Urethral disruption caused by blunt trauma or a penetrating injury can result in fistulae, but these fistulae are typically rectourethral in nature. Penetrating abdominal or pelvic trauma, such as a gunshot wound, may result in fistula formation between both small and large bowel, including the rectum with the bladder. In a recent review of complications of penetrating rectal and bladder injuries, fistula formation occurred only in the presence of bowel and bladder injuries.[26] Foreign bodies in the bowel (eg, swallowed chicken bones or toothpicks) and peritoneum (eg, lost gallstone during laparoscopic cholecystectomy) have been reported as a cause of colovesical fistulae.[27, 28, 29, 30, 31]


The presenting symptoms and signs of enterovesical fistulae occur primarily in the urinary tract. Symptoms include suprapubic pain, irritative voiding symptoms, and symptoms associated with chronic urinary tract infection (UTI). The hallmark of enterovesical fistulae may be described as Gouverneur syndrome, namely, suprapubic pain, frequency, dysuria, and tenesmus. Other signs include abnormal urinalysis findings, malodorous urine, pneumaturia, debris in the urine, hematuria, and UTIs.[32]

The severity of the presentation also varies. Chronic UTI symptoms are common, and patients with enterovesical fistula frequently report numerous courses of antibiotics prior to referral to a urologist for evaluation. Urosepsis may be present and can be exacerbated in the setting of obstruction. It has been demonstrated in dog models that surgically created colovesical fistulae are tolerated well in the absence of obstruction.[33]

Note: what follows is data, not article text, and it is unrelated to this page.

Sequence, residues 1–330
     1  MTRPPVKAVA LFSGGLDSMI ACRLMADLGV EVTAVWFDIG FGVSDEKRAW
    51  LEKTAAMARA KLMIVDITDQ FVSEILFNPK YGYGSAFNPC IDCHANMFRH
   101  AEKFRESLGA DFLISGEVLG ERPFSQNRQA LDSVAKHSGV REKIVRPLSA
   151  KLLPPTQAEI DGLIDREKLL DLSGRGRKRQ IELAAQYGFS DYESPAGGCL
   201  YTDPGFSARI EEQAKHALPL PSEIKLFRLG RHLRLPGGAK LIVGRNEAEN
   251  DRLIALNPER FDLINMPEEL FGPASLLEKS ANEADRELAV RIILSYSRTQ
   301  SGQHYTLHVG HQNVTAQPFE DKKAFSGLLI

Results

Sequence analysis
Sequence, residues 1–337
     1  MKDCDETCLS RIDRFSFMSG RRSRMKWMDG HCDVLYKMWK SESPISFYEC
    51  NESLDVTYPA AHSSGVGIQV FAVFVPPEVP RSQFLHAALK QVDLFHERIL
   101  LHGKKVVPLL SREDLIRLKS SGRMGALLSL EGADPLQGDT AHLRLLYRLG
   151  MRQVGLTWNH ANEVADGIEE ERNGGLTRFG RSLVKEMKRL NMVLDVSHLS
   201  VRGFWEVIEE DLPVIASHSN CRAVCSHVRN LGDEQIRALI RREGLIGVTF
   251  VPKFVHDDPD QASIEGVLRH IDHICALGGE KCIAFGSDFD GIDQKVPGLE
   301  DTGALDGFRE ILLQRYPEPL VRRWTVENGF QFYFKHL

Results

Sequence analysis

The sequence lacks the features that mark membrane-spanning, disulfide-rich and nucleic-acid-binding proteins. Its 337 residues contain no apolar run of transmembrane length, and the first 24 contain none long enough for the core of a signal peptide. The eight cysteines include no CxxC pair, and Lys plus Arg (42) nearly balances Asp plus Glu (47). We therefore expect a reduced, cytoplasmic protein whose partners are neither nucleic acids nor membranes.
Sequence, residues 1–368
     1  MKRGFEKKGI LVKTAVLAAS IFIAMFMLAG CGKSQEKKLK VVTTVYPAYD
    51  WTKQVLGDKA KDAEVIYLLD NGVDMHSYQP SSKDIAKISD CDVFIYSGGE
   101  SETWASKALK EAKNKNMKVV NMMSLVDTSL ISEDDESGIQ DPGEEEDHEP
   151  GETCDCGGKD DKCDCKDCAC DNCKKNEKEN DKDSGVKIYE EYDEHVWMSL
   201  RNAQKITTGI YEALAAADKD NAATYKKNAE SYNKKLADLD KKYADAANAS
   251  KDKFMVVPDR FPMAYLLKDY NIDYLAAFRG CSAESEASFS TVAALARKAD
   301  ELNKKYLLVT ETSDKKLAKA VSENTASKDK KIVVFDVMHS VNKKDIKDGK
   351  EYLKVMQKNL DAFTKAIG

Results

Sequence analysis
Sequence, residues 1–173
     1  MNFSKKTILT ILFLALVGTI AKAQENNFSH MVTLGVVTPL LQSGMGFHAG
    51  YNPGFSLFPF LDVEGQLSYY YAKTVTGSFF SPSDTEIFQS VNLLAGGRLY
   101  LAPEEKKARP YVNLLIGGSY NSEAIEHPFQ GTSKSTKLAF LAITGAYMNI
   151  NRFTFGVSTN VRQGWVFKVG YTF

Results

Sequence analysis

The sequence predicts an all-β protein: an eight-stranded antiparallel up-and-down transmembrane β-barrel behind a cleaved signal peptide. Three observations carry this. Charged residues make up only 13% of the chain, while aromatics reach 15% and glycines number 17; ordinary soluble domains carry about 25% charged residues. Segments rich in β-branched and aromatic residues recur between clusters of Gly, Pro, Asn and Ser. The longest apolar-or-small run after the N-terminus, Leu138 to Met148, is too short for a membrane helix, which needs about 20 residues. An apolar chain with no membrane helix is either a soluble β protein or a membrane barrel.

Pneumaturia and fecaluria may be intermittent and must be carefully sought in the history. Pneumaturia occurs in approximately 50%-60% of patients with enterovesical fistula but alone is nondiagnostic, as it can be caused by gas-producing organisms (eg, Clostridium species, yeast) in the bladder, particularly in patients with diabetes mellitus (ie, fermentation of diabetic urine) or in those undergoing urinary tract instrumentation. Pneumaturia is more likely to occur in patients with diverticulitis or Crohn disease than in those with cancer. Fecaluria is pathognomonic of a fistula and occurs in approximately 40% of cases. Patients may describe passing vegetable matter in the urine. The flow through the fistula predominantly occurs from the bowel to the bladder. Patients very rarely pass urine from the rectum.[18]